From porn to parody: Dave charts Chuck Vincent’s path to the video store, and picks out two of his best collaborations with scripter Craig Horrall.
Swinging between adult features and more orthodox fare was a common theme in the late ‘70s and early ‘80s. Folk like David Worth (Pink Champagne (1979)) and David DeCoteau (Bad Boys Dormitory (1986)) preferred to leave their days of smut behind them after breaking into the mainstream, while John Hayes (Pleasure Zone (1983)) and Gary Graver (Suzie Superstar (1983)) occasionally slipped back into the skin trade for the sake of paying some bills.
Chuck Vincent seemed to succeed by blending elements of the two, but in his own dynamic and middle-fingered manner.
In an era when many of the preceding icons shied away from assigning their real names to their XXX endeavours, the openly gay Vincent was audacious enough to rack up a slew of pornos like Roommates (1982) and In Love (1983) without the cloak of an alias, and drop a few ‘legitimate’ video store staples – Summer Camp (1979) and Preppies (1984) – into his ribald resume too. In ’85, Vincent managed to bag a ten picture deal with Vestron Video, and he had no qualms about utilising adult industry hall-of-famers such as Veronica Hart and Marilyn Chambers for prominent roles.
Described by critic Ben Sachs as “the closest exploitation cinema ever got to producing a George Cukor” due to his frequently subversive critiques of heterosexual relations , Vincent’s formative years are quite something. Born Charles Vincent Dingley in Michigan, Vincent relocated to New York in his twenties, and it was here that he racked up a dozen years of theatre experience, including a five-year stint as stage manager at the infamous Tappan Zee Playhouse. It was here that he was closely involved in plays like the 1965 production of Gigi with George Hamilton, and the 1967 presentation of A Streetcar Named Desire with Robert Forster and Julie Harris. By the end of the decade he’d been bitten by the filmmaking bug and headed up Rockland County to make the excellent Blue Summer (1973).
Succumbing to AIDS in September ’91, with his writing partner Craig Horrall predeceasing him by six months, it’s the fruits of their multi-picture partnership – a union established in 1984 – that remains the most untapped in terms of discussing Vincent’s prolific career.
Firstly, their collaborations were technically impressive. Vincent had a negative cutting room in Long Island that he used to edit down all his features, which was partially down to his love for 35mm and his refusal to shoot on video. His quest is helped immensely by the fine eye of long-time cinematographer Larry Revene. Revene had scored an AFAA nomination for Roommates, and he’s able to match Vincent’s penchant for shooting quickly yet stylishly, giving a quality to the lighting and camerawork that belies the rat-tat-tat pace at which these movies were made.
Secondly, although they’d venture across genres with the occasional thriller (If Looks Could Kill (1986)) or horror (Deranged (1987)), it was comedy that the pair would always return to, with their final two comedies in particularly deserving a tip of the hat.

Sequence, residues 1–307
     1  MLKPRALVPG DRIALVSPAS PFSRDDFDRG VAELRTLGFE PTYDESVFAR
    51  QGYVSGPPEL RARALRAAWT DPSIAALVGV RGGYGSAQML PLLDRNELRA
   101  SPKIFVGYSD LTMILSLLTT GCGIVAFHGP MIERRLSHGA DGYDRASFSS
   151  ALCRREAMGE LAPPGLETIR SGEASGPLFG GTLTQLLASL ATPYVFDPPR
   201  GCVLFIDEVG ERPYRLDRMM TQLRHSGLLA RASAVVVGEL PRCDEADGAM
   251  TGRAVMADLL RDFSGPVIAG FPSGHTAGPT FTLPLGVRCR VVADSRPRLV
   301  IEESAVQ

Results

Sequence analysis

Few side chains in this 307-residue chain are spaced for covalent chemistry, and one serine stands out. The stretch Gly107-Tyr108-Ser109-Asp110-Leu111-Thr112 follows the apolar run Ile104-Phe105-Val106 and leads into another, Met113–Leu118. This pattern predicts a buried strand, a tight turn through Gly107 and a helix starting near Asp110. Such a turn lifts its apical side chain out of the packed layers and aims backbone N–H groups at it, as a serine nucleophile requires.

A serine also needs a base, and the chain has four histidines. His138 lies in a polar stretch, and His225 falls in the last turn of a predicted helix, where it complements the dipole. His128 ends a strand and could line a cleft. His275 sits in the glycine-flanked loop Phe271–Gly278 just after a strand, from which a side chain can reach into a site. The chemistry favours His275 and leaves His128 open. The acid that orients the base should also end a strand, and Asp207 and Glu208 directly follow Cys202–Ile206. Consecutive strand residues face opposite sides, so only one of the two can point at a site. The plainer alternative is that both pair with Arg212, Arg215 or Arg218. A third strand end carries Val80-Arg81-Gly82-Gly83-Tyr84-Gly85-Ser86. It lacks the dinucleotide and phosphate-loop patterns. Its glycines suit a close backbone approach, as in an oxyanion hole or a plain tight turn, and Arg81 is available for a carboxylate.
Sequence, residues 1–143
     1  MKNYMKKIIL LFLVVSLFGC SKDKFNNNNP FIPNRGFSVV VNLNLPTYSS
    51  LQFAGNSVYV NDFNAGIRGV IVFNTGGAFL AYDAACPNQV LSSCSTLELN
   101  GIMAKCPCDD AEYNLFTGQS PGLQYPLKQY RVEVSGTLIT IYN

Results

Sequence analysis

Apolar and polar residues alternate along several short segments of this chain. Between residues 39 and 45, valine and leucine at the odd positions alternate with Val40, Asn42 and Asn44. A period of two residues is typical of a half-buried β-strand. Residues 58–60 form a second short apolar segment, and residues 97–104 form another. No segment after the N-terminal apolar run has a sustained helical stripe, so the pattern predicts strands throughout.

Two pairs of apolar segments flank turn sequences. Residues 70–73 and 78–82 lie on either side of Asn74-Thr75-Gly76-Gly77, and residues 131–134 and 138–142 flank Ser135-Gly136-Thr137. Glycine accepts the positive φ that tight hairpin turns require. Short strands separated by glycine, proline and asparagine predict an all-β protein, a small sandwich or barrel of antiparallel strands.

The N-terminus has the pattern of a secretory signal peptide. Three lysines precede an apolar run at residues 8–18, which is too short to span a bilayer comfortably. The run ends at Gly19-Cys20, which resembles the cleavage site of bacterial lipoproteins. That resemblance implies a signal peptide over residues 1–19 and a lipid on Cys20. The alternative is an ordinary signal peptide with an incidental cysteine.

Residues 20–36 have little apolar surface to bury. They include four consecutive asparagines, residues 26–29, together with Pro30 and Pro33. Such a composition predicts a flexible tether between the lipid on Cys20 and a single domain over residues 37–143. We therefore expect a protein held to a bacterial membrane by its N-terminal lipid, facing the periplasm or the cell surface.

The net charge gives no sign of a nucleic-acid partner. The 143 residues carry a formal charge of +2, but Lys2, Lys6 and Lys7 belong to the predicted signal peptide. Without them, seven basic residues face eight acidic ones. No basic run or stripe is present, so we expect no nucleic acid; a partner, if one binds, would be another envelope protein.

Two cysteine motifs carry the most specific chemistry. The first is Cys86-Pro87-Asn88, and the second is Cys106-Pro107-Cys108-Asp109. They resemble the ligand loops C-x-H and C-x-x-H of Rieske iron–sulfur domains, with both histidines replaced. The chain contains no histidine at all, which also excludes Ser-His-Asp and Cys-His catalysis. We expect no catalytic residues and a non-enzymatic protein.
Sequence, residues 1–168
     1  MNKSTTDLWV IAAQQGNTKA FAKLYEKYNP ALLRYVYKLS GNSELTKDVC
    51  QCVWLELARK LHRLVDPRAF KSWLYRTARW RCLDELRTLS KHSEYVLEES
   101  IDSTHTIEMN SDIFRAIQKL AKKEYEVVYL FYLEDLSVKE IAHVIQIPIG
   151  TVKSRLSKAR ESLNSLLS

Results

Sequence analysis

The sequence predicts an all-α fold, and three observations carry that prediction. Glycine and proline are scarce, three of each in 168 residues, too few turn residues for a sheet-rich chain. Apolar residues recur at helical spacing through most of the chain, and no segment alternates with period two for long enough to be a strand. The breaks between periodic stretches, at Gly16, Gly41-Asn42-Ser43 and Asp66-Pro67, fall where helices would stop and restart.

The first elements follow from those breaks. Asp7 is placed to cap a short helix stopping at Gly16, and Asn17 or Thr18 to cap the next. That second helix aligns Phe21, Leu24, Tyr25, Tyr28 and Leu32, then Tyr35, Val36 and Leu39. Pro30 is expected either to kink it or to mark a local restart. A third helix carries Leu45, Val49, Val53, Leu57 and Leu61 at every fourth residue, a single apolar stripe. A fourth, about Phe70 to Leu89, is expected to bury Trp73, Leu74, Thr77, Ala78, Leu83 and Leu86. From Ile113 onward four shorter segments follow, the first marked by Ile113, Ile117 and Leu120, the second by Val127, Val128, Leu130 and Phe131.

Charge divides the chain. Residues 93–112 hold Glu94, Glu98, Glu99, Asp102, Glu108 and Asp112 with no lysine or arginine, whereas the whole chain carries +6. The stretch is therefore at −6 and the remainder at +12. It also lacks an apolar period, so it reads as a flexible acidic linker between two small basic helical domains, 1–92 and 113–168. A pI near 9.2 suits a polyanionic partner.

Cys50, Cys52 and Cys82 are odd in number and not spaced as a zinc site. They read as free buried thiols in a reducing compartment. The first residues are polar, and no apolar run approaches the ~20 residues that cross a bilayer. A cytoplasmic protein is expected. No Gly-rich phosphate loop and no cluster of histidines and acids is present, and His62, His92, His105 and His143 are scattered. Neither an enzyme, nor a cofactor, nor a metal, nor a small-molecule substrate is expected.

Released by Vestron in February 1990, even though it was shot almost three years earlier, WILDEST DREAMS is a grin-inducing ninety minutes of buffoonery, as the delightfully camp Bobby (James Davies) finds himself in charge of his parents’ (Veronica Hart and Harvey Siegel) antiques business while they’re away at a convention. When he discovers a mysterious lamp hidden in a shipment of treasures, a cursory rub summons a genie who grants him the opportunity of true love. There is, however, a devastating flaw. The luscious djinn has forgotten how to cancel out the pre-wished wishes, so poor Bobby must contend with a series of besotted beauties who won’t leave him alone, even though they’re a mediocre mismatch.
With its exaggerated caricatures, farcical set-ups, and telegraphed tomfoolery, Wildest Dreams could well represent comedy hell for a chunk of the audience. That said, you’d have to be a stone-hearted sourpuss not to find some elements of joy in Vincent’s multi-girlfriend farce, primarily because scripter Horrall is so adept at creating a rainbow of colourful characters.
The notion that Vincent’s best comedy should not only be his final film, but also his only movie to hit video stores posthumously is quite poignant . PARTY GIRLS, which wound up on cassette under the title ‘Party Incorporated‘, happens to be a meta-mountain of a fourth wall breaker that’s an absolute delight.
Marilyn (Marilyn Chambers) has fallen on hard times. Her husband has died deep in debt, leaving her facing destitution. Thankfully, being the ever-enterprising entrepreneur that she is, Marilyn hatches a plan to launch a bespoke party business which has the potential to be a real money-maker, and the welcome solution to her fiscal woes.
The genius of Party Girls is two-fold. Not only are Vincent’s crew in on Marilyn’s scenario and part of the gag (think of it like a proto-MTV reality show from the ‘90s), but we’re privy to an audience of guys and girls watching it on TV too; meta on meta if you will.
It’s not flawless. The premise is so wafer thin that the movie is prone to becoming a collection of vaguely connected sketches – though the first twenty minutes alone make for the most glorious self-referential comedy. But with crew reflections, boom mics deliberately creeping into shots, musical numbers, high camp (a jockstrap parade!) and, of course, our final glance at the irrepressible Mr. Vincent, its imperfections are an effortlessly forgivable part of its tapestry.
 On Wednesday, Doc Films Begins Another Eclectic Summer Program by Ben Sachs, Chicago Reader, 20th June 2014.
 ‘Party Incorporated’ was released on VHS via New World Pictures on 10th October 1991, seventeen days after Vincent’s death. The film did, however, air on the Playboy Channel several times in April 1990.